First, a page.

Simulated Atrial Fibrillation


Biophysical atrial model
Atrial model evolution


In 1996, the first model was developed. It was a simple cube into which the Beeler-Reuter membrane kinetics model was implemented. In 1999, the “peanuts model” was designed. It contained majors valves and veins. The membrane kinetics used was that of Luo-Rudy. In 2001, a more realistic biophysical model was developed based on MR images. The surface was meshed with triangular elements and more sophisticated membrane kinetics model was included (Courtemanche et al.). The biophysical model is currently used to study atrial fibrillation (AF) mechanisms: initiation and perpetuation.


Simulated atrial activity



The biophysical model can simulate several types of arrhythmias, such as atrial flutter or atrial fibrillation. The figure above shows an example of sustained AF based on multiple reentries. The directions of the wavefront propagation are indicated by arrows. Furthermore, electrogram signals can be computed at any position on the surface of the atria.

Investigation of Atrial Therapies


Ablation and pacing


Two different types of therapies are currently investigated with the biophysical model: surgical ablation and therapeutic pacing. The result of simulated ablation lines confirmed the good performance of the Maze III procedure. Pacing demonstrated that atrial flutter can be pace-terminated and local capture can be reached in case of AF. An example of electrogram signal is displayed during AF pacing.


Volume Conductor Model


Volume conductor model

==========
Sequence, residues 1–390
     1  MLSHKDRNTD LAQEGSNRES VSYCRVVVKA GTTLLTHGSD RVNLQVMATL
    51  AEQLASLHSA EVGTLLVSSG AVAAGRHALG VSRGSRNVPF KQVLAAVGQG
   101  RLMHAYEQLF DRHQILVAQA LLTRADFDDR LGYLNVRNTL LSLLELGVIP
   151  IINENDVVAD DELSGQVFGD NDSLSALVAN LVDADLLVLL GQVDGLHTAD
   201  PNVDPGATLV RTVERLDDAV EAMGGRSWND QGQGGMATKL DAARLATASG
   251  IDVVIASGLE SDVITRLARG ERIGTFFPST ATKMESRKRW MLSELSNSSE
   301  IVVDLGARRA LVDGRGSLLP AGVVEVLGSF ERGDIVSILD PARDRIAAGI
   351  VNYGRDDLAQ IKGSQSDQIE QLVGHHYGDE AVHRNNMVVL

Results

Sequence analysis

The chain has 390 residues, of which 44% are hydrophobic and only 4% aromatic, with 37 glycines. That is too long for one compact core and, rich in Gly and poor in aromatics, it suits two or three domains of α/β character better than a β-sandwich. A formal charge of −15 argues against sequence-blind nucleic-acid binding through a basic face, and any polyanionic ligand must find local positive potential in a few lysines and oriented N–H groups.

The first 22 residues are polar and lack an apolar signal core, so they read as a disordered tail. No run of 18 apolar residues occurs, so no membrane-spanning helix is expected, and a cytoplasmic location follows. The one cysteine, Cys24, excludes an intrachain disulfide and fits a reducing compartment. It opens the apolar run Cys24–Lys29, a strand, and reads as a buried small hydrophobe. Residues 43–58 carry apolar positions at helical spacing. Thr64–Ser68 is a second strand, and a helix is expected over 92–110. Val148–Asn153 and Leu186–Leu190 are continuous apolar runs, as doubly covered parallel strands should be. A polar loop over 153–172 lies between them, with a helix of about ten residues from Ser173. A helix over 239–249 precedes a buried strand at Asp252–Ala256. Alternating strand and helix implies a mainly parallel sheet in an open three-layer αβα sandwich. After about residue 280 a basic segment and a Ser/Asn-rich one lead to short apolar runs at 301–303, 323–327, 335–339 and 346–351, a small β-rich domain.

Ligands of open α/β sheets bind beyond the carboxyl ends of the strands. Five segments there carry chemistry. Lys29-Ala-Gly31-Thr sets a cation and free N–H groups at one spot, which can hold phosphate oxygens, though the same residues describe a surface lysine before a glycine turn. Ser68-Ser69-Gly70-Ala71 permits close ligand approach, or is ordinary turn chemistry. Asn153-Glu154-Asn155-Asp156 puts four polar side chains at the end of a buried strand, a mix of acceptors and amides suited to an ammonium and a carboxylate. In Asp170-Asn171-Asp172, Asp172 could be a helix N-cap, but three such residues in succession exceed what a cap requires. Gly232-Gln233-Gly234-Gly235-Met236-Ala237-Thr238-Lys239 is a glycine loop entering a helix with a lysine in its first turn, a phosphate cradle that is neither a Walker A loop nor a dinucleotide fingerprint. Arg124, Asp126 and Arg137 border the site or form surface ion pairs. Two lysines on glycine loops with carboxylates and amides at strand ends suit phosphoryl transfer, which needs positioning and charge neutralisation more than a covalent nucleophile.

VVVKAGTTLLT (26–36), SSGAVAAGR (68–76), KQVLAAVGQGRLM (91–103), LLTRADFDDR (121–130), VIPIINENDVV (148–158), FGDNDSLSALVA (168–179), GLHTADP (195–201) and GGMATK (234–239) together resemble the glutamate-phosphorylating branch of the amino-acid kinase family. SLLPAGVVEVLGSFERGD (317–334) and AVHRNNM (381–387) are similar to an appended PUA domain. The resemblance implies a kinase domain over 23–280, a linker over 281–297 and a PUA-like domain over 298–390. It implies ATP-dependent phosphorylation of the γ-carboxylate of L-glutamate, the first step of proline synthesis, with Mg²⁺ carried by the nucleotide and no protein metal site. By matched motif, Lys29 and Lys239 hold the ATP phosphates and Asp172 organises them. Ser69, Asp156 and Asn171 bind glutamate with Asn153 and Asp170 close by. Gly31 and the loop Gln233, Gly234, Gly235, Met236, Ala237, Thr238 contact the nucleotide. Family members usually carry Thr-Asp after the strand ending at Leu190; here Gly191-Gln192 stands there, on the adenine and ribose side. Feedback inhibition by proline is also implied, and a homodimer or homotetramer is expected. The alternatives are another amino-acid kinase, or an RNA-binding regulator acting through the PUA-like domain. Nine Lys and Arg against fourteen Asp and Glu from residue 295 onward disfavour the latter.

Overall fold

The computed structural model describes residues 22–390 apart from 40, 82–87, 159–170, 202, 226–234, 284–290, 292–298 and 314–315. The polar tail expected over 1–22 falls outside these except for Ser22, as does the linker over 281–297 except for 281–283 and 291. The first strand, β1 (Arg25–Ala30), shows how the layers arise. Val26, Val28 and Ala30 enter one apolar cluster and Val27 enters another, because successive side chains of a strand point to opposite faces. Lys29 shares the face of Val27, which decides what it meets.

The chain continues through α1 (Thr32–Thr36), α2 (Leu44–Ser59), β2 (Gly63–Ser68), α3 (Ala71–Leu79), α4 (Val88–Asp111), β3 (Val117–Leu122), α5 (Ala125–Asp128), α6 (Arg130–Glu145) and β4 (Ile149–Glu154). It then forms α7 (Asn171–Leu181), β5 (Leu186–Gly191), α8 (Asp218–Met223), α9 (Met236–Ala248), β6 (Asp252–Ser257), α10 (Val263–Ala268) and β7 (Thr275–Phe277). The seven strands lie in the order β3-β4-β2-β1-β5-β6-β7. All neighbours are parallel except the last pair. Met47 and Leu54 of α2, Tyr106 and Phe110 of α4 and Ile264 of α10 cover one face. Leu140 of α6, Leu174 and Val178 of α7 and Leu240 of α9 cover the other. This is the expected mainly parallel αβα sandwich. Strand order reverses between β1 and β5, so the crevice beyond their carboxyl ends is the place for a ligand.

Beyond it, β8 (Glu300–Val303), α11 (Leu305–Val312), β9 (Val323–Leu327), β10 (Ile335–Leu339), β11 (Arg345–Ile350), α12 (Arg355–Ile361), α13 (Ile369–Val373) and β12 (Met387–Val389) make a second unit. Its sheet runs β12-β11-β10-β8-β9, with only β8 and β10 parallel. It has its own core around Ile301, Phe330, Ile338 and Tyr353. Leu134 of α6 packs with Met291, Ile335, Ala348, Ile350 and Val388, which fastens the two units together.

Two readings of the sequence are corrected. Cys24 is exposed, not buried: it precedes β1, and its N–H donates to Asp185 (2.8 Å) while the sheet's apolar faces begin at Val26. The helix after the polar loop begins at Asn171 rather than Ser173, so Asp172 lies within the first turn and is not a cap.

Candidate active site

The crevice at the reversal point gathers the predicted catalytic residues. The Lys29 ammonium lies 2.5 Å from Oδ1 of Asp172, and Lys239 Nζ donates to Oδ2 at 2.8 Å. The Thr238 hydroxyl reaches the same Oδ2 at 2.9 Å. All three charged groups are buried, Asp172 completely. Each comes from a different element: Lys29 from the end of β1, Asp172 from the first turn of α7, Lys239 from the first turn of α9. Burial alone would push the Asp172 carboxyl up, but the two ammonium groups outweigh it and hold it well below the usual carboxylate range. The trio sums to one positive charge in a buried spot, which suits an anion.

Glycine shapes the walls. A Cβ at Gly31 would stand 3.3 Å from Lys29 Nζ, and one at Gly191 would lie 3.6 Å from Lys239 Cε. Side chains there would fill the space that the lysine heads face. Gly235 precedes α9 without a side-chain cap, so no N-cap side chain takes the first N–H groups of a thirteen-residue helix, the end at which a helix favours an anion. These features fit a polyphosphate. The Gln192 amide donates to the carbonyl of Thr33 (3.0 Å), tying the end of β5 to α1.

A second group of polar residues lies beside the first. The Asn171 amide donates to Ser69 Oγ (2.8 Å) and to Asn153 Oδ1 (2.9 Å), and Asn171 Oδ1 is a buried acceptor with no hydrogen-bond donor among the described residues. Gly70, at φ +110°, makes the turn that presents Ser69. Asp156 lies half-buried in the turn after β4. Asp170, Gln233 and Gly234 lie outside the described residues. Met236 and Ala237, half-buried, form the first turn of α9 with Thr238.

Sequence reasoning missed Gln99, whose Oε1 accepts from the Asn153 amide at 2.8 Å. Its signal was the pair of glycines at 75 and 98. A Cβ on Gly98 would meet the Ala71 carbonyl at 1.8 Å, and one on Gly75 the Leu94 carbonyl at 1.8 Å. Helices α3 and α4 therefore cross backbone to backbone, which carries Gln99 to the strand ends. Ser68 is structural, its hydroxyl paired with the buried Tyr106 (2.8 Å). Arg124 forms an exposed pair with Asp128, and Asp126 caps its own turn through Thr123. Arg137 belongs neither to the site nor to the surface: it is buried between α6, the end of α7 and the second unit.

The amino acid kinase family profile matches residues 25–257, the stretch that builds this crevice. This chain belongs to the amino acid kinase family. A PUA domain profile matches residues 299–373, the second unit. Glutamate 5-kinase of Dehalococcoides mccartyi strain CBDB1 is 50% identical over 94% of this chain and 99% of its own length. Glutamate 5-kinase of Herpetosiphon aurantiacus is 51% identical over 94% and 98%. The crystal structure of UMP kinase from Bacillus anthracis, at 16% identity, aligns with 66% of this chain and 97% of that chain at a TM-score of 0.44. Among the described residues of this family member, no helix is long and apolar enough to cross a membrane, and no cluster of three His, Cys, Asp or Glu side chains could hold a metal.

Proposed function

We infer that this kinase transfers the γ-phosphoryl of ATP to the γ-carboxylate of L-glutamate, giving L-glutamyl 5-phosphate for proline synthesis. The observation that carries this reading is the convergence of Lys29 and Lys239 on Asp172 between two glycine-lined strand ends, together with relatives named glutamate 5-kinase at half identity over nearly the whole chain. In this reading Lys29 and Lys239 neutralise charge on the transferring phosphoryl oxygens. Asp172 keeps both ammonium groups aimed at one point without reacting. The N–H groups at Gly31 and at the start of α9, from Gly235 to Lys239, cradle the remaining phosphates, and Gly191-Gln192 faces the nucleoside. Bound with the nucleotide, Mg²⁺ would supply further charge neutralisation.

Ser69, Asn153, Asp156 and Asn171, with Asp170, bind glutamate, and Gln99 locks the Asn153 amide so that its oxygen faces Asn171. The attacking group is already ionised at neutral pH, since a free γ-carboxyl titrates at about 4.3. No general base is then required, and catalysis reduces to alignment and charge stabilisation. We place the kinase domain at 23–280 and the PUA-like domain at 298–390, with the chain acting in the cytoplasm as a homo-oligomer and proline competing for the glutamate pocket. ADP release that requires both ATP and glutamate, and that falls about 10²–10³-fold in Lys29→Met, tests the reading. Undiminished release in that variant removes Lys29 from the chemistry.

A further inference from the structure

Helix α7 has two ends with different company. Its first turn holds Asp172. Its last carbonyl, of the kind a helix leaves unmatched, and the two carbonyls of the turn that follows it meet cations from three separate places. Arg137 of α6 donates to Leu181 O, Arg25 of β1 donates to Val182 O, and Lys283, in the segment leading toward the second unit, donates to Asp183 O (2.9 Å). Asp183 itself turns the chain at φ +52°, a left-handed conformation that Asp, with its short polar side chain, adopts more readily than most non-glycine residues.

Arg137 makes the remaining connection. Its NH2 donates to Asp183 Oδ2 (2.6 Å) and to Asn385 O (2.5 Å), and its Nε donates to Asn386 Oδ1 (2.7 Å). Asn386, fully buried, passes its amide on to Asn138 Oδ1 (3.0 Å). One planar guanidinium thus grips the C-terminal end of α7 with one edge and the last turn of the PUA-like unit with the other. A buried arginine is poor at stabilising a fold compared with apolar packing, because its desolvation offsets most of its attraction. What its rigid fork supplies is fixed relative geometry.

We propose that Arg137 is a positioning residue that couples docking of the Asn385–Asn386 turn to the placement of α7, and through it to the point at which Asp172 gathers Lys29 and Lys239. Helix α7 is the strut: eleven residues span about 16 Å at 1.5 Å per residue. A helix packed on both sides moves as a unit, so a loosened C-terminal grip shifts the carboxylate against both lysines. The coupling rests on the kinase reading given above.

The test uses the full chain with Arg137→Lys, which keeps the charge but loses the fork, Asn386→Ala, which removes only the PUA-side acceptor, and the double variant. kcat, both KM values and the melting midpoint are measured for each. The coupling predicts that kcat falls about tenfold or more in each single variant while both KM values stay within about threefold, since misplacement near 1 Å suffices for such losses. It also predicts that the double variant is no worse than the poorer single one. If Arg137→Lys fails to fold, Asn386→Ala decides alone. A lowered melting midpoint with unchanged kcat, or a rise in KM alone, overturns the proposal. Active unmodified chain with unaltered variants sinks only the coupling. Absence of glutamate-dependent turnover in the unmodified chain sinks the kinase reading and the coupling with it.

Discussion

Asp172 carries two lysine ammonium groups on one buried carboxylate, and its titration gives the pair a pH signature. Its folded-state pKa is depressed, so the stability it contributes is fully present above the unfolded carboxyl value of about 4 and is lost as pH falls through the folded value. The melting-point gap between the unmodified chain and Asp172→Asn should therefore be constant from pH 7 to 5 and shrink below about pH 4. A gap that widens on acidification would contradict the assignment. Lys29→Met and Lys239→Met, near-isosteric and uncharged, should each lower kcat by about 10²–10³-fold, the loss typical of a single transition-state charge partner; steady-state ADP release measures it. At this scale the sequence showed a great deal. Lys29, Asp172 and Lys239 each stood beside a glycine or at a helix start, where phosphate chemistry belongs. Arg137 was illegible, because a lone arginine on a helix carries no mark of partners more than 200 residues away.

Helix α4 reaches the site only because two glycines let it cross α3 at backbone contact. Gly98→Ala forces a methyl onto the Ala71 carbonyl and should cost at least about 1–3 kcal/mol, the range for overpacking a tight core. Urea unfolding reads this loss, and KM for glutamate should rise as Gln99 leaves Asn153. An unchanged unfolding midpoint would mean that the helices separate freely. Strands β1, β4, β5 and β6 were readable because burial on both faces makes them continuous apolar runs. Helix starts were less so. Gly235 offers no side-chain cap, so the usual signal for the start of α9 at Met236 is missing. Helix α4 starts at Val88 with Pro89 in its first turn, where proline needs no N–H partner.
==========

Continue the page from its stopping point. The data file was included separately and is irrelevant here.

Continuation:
By extending the concept of the biophysical model to the entire thorax, the electric activity of the atria can be expressed as potential dynamics on the body surface. The lungs and the ventricular cavities are also included as well as their inhomogeneous conduction properties, so enabling the model to simulate realistic surface ECG signals reflecting pure atrial contributions.


Ventricular Cancellation

Ventricular cancellation
In clinical practice, the standard ECG remains the most common non-invasive tool for diagnosing and studying AF. Due to the much higher amplitude of the electrical ventricular activity in the surface ECG, isolation of the atrial activity component is crucial to the analysis and characterization of AF. An average beat subtraction based method is developed to perform this QRST cancellation. In contrast with standard methods, two sets of templates are created instead of one: one set for the QRS complexes and one for the T-waves. Spatial optimization is applied to the QRS templates. The figure above shows a clinical signal (a), signal after preprocessing (b) and signal after the QRST cancellation (c).